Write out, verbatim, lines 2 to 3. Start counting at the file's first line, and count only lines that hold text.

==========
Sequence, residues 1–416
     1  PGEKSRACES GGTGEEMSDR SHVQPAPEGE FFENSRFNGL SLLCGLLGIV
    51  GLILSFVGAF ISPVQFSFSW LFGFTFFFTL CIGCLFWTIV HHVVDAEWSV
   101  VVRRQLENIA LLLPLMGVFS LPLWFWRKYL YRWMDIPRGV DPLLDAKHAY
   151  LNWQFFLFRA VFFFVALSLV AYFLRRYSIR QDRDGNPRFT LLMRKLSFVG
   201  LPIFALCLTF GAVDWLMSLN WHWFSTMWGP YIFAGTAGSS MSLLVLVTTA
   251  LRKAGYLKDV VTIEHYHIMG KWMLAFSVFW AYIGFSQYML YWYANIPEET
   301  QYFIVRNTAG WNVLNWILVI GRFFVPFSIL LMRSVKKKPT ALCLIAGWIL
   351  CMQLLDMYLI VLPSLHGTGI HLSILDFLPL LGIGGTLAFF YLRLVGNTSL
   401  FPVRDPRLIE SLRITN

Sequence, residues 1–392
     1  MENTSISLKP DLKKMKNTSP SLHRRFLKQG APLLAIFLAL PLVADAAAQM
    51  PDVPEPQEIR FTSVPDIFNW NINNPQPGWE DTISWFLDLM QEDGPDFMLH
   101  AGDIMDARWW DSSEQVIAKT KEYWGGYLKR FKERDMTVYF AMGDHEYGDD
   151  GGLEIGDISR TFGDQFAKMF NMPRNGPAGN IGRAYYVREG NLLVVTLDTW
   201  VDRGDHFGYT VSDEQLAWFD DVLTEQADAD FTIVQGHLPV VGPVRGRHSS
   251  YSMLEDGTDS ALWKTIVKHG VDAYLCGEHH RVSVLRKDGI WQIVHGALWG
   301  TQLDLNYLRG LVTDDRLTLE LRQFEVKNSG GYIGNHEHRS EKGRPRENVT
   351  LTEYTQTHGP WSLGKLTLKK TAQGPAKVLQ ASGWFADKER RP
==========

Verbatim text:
     1  PGEKSRACES GGTGEEMSDR SHVQPAPEGE FFENSRFNGL SLLCGLLGIV
    51  GLILSFVGAF ISPVQFSFSW LFGFTFFFTL CIGCLFWTIV HHVVDAEWSV